Augustine scholar Phillip Cary retrieves and reargues that the meaning of Protestant theology is Christ offered for us. He explains, “The Gospel, Protestant theology has taught ever since Luther, is God’s way of giving us nothing less than his own beloved son” (2-3). Overall, he succeeds in communicating his main thesis but I am wary about some of his conclusions. [Read more…] about What Martin Luther Can Teach Us about the Gospel (Review of The Meaning of Protestant Theology)
First, Christians figured out the Trinity. Then, they figured out Christology. This developmental narrative of Christian theology exists virtually everywhere. More commonly, the Protestant re-telling of this narrative goes like this. During the Medieval era, all was lost. But the Reformers rediscovered the New Testament and justification. And since then, we have grown in our theological understanding century by century.
But this developmental theory wrongly characterizes history. It is a myth, not reality. It corresponds to our era’s scientific achievements and current evolutionary thought. When medicine and science constantly progress and when the primary meta-framework for the world requires the advancement and change of living creatures, then it seems obvious to us that theology must have progressed.
But this is not accurate. Here’s why. [Read more…] about The Myth of Theological Development
Double procession refers to how the Spirit relates to the Father and Son. It is said to be “double” because both the Father and the Son spirate (breathe out) the Spirit. The Spirit comes from both. Others find it better to say: the Spirit only proceeds from the Father in order to maintain the monarchy of the Father.
While both positions overlap, it is worthwhile to consider the logic of double procession since few discuss the relative (pun-intended) benefits of the doctrine today. The basic argument is that double procession ensures that each person in God has one relational difference from the other. The point is to ensure that we can distinguish the Father, Son, and Spirit.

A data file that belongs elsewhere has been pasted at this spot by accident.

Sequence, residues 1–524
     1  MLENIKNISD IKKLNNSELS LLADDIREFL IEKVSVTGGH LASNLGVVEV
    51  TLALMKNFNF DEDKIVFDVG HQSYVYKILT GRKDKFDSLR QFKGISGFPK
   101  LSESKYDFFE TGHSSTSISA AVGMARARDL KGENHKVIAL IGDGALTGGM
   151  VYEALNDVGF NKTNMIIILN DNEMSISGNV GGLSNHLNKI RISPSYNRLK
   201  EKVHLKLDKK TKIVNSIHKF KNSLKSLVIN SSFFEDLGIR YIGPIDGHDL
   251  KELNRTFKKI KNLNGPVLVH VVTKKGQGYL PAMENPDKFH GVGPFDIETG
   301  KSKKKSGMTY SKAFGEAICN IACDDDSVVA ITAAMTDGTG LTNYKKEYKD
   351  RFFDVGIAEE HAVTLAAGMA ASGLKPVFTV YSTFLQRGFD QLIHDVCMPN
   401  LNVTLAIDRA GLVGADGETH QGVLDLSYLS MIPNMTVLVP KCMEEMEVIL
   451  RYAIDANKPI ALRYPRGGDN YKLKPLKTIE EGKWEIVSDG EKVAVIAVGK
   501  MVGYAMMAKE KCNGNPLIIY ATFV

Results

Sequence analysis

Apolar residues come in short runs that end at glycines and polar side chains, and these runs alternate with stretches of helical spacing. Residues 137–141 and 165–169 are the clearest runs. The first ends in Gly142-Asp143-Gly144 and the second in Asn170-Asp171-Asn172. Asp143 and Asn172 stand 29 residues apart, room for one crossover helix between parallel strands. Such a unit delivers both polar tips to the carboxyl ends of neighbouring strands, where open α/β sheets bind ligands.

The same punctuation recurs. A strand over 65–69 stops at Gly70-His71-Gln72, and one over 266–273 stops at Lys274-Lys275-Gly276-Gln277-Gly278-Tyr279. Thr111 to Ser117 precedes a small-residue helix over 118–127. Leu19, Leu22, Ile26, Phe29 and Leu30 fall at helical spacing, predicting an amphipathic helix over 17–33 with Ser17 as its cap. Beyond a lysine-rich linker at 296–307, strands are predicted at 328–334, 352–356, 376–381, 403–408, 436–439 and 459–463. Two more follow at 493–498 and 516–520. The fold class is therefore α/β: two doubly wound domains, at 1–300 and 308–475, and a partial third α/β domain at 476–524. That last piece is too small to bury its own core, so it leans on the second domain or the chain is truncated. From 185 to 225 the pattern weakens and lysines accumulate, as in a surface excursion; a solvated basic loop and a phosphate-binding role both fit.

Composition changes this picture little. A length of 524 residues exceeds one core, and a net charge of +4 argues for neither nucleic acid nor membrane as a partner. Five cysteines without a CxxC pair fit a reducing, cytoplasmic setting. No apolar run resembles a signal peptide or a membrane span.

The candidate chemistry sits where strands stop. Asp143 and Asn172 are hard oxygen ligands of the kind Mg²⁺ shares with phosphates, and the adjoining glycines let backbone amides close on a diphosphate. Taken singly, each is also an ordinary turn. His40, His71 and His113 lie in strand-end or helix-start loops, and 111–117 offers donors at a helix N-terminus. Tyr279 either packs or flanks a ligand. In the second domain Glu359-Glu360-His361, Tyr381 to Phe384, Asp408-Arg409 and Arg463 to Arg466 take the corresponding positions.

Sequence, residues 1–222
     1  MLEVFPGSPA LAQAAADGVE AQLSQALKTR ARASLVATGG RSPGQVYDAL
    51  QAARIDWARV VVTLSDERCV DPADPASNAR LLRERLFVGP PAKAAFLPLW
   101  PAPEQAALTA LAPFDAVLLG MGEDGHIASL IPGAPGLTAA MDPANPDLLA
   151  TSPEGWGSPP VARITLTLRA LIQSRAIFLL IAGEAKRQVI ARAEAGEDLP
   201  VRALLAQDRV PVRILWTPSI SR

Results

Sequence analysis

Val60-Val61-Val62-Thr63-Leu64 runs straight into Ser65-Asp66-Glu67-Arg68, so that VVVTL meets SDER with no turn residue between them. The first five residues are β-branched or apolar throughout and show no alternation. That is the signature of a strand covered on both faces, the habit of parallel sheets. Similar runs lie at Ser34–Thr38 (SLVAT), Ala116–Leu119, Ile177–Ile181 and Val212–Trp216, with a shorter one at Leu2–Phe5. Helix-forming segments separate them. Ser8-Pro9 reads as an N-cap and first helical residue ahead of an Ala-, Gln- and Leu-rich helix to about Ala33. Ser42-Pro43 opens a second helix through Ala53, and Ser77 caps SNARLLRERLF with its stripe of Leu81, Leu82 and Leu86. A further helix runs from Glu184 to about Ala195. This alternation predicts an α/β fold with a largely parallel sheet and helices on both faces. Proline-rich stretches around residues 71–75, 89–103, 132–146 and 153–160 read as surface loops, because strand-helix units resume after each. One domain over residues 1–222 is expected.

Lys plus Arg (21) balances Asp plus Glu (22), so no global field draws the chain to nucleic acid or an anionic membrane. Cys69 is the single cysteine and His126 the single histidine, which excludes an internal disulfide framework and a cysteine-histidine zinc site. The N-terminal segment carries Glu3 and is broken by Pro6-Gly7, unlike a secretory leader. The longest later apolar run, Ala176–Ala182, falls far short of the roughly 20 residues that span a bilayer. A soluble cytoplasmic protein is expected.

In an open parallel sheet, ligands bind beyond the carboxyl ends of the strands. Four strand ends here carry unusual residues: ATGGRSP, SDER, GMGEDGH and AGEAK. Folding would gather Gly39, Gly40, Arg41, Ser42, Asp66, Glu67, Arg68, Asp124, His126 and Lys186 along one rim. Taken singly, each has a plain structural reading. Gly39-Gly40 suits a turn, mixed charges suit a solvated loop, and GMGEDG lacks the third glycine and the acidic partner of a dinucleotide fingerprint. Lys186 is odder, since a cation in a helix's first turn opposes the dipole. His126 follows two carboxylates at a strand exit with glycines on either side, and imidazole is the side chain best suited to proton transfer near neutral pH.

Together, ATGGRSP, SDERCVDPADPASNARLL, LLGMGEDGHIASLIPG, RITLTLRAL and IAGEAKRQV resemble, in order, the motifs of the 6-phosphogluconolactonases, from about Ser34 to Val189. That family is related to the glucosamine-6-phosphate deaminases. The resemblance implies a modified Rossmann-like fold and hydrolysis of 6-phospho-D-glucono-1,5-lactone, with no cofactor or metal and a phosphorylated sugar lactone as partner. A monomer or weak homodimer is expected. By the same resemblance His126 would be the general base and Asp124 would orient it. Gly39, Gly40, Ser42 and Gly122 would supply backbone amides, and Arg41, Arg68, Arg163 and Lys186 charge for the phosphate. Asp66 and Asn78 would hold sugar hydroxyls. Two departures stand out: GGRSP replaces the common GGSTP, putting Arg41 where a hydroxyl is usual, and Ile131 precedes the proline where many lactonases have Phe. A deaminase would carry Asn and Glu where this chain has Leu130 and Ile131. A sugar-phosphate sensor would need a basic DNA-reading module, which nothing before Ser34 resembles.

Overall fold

Here is how this works. [Read more…] about The Logic of Double Procession
Does the Son eternally submit to the Father? Jonathan Routley thinks so. Actually, Routley argues that he has a moral obligation to define God in terms of submission and authority. He explains, “Scripture teaches that the Son eternally submits to the Father willingly, voluntarily, and lovingly” and affirms his “moral obligation to speak up for that conviction” (xii).
Yet his moral obligation to understand God rightly means that he wants to persuade those who no longer speak about the doctrine eternal submission to reaffirm their beliefs: “I am hopeful that this volume might challenge some who have formerly supported the doctrine of eternal submission and have more recently taken a position of silence to regain their voice and reaffirm their support” (xii-xii).
Should the silent speak up? Should we all affirm the eternal submission of the Son to the Father? In answer to that question, we need to see if Routley’s thesis accurately interprets Scripture and uses theological reasoning. My conclusion will be that Routley does not successfully prove his case either scripturally or theologically. [Read more…] about Does The Son Eternally Submit to the Father (A Review of Eternal Submission by Jonathan Routley)
The first article of the Belgic Confession (1561) affirms, “We all believe in our hearts and confess with our mouths that there is a single and simple spiritual being, whom we call God.” This confession of God’s simplicity represents the common opinion of reformed theology as well as earlier Christian theology.
But divine simplicity as well as its attendant teachings (immutability, impassibility, timelessness) no longer enjoy such a consensus. Instead, a number of theologians now deny, ignorte, or redefine simplicity. Certainly, the principle of Sola Scriptura allows even the most central teaching of Christianity to undergo scrutiny. Yet I am persuaded that divine simplicity enjoyed such universal consensus because it is biblical, true, and coherent. God is simple.
To deny, ignore, or redefine this doctrine entails not only theological incoherency but also various other inconsisties when it comes to certain attendant doctrines—immutability, impassibility, infinity, triune relations, and monotheism. [Read more…] about Is God Simple?
Since human nature exists, sex does not amount to either biological or chemical properties in us; nor does it amount to a fluid identification of gender.
Human nature encodes capacity and purpose into humanity. Biology and chemistry can describe our constituent parts but insufficiently do so. We need to also define our capacity and purpose.
This means somewhat controversially that whether we have an xy, xx, or xxy chromosome pattern, these biological and chemical compositions do not tell the whole story. [Read more…] about What Gender Is the XXY Chromosome?